China's One-Child Policy Backfires For Entrepreneurs
By IBTimes China | April 11, 2013 7:53 PM EST
The original story appeared in Huxiu.com; Translated by Sophie Song.
Inheritance of family-owned businesses has become an issue on the minds of many entrepreneurs in China, so it's not surprising that it received plenty of attention at the 2013 Boao Forum for Asia on April 8.
Choosing a successor within the family is the norm in China. According to a survey by Forbes China, 65.8 percent of business owners in the country hope for a second-generation family member to take control of the business.
While the inheritance topic got a lot of play, much of the talk centered especially on China's one-child policy, often referred to as a family-planning policy, adopted by the government in 1979 in an effort to control its population growth.
“If family-owned businesses are to be inherited effectively, the current one-child policy should be adjusted to allow a few more children,” said Jiang Xipei, president of Far East Holding Group.
Liu Donghua, the founder of Zhenghe Island, a company that provides a secure Internet forum for entrepreneurs to exchange ideas, also got in on the discussion: “I was talking to Wang Jianlin, the chairman of Dalian Wanda Group [a Chinese entertainment giant that owns AMC Theatres among other holdings], and I asked him, ‘How come you only had one son?’ Wang Jianlin said, ‘My wife didn’t want to have more when we were young, and now it’s too late.’”
Wang also told Liu that if someone within a family is to inherit a company, there should be more choices that allows a person who is well-equipped to take the reins, Liu noted.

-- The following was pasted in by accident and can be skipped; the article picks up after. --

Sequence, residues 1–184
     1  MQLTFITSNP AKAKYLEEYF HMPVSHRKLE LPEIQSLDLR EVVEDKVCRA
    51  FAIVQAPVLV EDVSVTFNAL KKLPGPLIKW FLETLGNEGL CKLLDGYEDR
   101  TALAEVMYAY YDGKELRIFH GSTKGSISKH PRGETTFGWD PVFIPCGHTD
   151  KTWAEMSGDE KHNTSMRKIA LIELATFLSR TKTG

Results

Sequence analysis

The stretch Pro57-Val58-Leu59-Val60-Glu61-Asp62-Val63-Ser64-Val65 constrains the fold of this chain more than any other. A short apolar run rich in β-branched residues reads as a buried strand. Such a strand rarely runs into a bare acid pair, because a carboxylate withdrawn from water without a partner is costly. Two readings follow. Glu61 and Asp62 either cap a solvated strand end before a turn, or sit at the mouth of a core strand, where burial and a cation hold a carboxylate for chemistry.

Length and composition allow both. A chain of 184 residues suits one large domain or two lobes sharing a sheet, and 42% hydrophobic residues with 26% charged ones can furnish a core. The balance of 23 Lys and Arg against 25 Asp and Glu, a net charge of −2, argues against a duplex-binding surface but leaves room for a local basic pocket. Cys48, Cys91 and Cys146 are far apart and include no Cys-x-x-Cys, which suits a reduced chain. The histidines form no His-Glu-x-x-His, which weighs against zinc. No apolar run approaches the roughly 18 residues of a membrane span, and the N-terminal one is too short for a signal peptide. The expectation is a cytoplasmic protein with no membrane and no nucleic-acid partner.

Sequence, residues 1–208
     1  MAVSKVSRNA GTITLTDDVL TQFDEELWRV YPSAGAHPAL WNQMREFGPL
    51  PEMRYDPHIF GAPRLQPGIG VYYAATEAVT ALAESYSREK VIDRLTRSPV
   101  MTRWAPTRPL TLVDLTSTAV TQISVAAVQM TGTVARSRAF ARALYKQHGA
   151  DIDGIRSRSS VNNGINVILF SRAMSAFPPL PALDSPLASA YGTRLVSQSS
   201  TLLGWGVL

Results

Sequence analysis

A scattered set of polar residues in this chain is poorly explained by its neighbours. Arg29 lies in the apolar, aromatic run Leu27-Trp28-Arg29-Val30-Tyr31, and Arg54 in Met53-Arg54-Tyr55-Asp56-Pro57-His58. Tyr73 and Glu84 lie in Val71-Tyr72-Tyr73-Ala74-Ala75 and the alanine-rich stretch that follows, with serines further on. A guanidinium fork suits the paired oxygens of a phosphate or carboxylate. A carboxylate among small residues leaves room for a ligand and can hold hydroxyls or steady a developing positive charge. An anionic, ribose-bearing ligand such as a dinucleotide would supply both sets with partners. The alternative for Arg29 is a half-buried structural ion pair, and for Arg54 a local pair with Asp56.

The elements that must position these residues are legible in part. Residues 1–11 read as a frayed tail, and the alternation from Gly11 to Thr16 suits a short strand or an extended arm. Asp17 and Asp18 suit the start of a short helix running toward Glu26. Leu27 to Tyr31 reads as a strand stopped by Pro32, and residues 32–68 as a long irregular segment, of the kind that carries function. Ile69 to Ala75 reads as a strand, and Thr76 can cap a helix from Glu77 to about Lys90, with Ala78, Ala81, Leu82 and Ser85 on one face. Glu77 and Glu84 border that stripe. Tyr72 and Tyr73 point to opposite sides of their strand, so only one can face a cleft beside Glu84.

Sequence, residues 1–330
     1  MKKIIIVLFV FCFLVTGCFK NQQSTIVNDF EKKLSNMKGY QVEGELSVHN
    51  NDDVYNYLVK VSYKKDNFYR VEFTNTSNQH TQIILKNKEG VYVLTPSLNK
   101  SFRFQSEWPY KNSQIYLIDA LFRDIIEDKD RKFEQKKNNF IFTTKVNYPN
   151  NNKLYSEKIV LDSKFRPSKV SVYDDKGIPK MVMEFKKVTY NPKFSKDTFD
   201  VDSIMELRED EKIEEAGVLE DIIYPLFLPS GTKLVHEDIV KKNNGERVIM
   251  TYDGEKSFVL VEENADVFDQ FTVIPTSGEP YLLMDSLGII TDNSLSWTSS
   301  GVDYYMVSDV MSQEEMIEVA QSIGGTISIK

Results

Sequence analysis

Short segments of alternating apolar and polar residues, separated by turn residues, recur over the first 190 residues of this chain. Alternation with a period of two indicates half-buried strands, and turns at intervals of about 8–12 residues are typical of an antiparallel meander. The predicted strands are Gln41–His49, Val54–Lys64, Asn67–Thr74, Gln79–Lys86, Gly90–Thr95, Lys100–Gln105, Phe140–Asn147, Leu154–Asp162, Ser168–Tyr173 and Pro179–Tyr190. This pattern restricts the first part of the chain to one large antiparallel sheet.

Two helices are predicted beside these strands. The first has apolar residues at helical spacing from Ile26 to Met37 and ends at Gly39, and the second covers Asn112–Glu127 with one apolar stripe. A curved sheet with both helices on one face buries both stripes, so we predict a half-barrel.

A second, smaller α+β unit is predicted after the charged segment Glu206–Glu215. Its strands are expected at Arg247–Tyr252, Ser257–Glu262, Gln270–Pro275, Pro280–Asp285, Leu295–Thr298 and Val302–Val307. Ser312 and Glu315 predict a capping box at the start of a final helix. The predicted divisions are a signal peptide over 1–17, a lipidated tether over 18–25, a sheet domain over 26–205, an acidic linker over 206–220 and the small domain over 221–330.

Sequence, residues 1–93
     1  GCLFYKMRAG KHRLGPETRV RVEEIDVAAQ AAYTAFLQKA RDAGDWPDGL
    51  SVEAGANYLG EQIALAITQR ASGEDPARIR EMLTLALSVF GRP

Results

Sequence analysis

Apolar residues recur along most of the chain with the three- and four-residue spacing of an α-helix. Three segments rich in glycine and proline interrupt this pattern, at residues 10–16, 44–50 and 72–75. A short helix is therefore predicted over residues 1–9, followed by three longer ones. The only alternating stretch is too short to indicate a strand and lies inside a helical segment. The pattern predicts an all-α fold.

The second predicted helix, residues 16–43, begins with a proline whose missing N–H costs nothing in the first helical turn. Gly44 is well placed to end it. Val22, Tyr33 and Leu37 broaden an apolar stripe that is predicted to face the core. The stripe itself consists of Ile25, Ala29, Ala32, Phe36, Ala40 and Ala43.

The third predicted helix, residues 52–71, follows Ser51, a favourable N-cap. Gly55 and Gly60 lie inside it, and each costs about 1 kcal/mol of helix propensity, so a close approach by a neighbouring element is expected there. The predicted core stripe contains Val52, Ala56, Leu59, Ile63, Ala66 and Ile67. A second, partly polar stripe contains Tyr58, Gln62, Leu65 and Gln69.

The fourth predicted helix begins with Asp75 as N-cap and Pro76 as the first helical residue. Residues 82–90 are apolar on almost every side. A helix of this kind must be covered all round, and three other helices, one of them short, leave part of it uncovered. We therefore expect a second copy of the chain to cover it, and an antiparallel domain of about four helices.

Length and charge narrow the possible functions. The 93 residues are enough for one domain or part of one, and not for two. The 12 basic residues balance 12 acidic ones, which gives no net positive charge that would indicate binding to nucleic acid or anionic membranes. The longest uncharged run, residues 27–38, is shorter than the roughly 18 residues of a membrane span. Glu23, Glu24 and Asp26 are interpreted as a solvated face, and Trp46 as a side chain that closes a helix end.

The one-child policy has been questioned by many, for a variety of reasons. It's a particular problem for first-gen business owners. Many businesses were established in the 1980s, after China’s economic reform took form under Deng Xiaoping’s leadership in 1978. Fast forward 20 years, and many of the same companies are now on the cusp of being transferred between original entrepreneurs and their children.
“This would be the first time Chinese family owned businesses face this problem,” said Harvard Business School professor John Davis. “Part of the problem is their lack of experience in transferring company ownership and control. On top of that, under the one-child policy, the leadership pool available to family-owned businesses is limited. A potential successor may lack experience or even ability, but the older generation will have little choice in the matter. This limited choice may hinder a company’s sustained growth. A lack of successor may even become the norm for these companies.”
In a broader sense, the one-child policy influences the overall talent pool in China. “For a relatively developed country, its innovation is highly correlated with the proportion of its young people to the overall population,” said Liang Jianzhang, chairman of the travel site ctrip.com. "When a country’s population ages, not only does the number of people capable of innovation decreases, its overall ability to innovate lowers as well. Economists agree that this will hinder a country’s economic development.”
The one-child policy is already showing some signs of relaxing. But for the current generation of entrepreneurs, it's too late to fix the problem of entrepreneurs having simply too few successors.
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